RDS: You know it was a great, great honor meeting Sorkin and working on the film. I was not in the day-to-day for physical production, though there are films that I actually do the physical production on. This was one where you had absolute expert top tier filmmakers, and so my involvement was definitely way more on the front end of the packaging side to help curate the vision, craft the vision, and bring it to life. To get the train on the track, and then once the train was on the tracks, it kind of took off from there.
AD: Was this your first time working with Netflix?
RDS: Netflix actually came in after the film was made. No one was aware of the trajectory of the world at the time. Production happened at the end of 2019 in Chicago and New Jersey and so at that point there was no COVID. At the time it was positioned for a very wide theatrical release and then the world changed. And in real time it was a film that needed to reach the audience because of how relevant and impactful everyone hoped the story would be in the hearts and minds of those in the United States. Thankfully and gratefully, Netflix stepped up in a major way that allowed the film to find its audience at the perfect time. An unbelievable experience, changing the landscape of film as we know it in an amazing way. This was the perfect example of an amazing collaboration for distribution that was outside of the last decade of filmmaking and theatrical distribution as we know it.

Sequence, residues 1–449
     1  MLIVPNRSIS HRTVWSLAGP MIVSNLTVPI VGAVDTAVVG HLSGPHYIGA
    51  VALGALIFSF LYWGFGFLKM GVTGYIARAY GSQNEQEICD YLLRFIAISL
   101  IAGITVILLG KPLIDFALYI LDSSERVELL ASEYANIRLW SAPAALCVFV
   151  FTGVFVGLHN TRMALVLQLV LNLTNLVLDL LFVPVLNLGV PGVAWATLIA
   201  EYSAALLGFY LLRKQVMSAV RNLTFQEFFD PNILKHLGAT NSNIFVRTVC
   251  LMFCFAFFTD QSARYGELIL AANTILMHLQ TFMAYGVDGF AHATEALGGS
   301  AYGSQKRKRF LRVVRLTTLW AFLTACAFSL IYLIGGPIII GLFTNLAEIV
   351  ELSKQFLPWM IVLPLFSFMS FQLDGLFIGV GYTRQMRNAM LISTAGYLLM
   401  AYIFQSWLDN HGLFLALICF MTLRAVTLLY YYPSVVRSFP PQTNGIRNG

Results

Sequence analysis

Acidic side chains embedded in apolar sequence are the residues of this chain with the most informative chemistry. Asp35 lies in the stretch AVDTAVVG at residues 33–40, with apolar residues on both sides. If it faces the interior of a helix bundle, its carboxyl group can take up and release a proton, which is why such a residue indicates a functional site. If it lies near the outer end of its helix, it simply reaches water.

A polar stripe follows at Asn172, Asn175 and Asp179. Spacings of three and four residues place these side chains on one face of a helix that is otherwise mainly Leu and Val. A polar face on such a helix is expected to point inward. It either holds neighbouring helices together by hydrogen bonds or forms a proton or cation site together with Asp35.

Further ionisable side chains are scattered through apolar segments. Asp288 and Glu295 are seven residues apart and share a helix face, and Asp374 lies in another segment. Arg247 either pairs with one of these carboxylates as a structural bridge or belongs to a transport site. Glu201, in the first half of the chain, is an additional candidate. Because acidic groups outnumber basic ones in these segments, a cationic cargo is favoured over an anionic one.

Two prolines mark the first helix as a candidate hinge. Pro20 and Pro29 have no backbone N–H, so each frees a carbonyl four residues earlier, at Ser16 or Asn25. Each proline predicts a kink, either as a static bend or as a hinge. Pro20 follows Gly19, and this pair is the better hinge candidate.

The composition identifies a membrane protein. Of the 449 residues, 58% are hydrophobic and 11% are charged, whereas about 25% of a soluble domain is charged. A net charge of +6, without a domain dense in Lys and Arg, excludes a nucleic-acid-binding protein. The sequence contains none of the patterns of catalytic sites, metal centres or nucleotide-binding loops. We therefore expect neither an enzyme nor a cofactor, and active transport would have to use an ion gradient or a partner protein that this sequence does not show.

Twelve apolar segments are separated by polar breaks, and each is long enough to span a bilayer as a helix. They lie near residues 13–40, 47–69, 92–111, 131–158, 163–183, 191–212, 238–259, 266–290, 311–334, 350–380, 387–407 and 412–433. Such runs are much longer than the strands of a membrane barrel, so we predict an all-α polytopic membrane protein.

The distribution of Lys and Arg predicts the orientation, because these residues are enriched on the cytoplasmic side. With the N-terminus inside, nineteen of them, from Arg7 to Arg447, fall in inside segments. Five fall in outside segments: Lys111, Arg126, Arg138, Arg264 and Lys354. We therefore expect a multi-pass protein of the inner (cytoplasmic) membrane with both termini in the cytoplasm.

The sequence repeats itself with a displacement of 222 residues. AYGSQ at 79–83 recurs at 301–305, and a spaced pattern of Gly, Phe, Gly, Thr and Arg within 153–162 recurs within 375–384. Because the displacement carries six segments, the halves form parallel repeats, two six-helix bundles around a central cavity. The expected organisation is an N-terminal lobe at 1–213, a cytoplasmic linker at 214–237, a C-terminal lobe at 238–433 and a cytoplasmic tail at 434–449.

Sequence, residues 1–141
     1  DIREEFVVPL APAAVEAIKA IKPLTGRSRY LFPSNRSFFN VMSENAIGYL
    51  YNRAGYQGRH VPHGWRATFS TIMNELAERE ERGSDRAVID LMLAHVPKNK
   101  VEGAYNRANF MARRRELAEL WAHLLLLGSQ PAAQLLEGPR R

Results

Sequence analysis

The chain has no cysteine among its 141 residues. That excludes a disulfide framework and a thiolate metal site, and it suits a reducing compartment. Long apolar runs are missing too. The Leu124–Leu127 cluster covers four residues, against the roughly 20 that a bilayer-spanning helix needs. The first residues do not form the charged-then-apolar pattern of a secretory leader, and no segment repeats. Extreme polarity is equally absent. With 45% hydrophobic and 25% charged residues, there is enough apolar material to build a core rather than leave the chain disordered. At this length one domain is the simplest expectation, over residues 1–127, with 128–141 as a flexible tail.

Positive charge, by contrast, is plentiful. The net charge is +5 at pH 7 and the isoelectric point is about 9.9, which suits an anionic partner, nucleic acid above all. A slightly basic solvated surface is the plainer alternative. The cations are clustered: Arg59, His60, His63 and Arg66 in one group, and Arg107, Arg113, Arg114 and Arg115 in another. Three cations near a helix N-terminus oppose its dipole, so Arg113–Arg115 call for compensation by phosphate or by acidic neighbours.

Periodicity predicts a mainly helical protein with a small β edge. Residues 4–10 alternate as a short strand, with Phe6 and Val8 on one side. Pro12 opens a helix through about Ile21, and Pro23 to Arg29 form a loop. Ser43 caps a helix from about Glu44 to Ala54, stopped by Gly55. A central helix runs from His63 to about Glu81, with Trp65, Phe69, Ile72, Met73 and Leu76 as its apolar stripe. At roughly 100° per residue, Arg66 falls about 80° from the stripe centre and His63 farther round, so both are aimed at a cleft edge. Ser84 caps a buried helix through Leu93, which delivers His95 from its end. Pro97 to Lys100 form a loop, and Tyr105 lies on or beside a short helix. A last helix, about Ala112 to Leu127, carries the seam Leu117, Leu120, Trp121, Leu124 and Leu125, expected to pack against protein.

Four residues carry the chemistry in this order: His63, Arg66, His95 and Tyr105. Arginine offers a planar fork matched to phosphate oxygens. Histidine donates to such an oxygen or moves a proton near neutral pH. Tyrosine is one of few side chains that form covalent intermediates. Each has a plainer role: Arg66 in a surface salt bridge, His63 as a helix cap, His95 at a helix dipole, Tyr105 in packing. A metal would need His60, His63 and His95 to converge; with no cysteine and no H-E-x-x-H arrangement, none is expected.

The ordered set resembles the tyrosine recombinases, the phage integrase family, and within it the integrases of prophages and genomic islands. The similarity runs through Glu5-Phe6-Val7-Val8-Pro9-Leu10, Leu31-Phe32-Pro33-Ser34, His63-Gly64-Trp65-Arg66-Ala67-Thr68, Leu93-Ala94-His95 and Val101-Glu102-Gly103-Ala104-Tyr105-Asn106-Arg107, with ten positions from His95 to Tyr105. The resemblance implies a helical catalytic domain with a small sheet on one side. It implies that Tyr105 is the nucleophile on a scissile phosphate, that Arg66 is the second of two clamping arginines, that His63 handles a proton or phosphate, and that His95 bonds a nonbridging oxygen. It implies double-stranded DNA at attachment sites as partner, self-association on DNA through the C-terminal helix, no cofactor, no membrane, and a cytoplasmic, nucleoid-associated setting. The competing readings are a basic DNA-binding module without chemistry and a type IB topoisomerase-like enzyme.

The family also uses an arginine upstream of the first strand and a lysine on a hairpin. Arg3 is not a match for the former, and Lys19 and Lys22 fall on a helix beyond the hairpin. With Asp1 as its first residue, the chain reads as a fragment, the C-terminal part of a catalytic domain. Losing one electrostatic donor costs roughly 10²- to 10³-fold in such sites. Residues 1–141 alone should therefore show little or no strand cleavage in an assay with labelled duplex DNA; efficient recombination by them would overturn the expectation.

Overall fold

AD: A lot of people I’ve been talking to have been very happy with Netflix in the way they’ve been changing things and getting more independent voices out there.
RDS: Oh, absolutely. I would say all of the streaming platforms, right? It’s a really fun time in the industry because a lot of content is being greenlit by a lot of different people and companies. So, if you have a voice, if you have a passion, if you have a project, it’s a wonderful time to really be able to go and get that out. And you don’t have to be a thirty to fifty million-dollar studio film. Films of all ranges are finding their place for distribution, especially with streaming platforms, in finding unbelievable audiences in a really exciting way.
AD: What do you look for when you are looking for a new project to get involved with?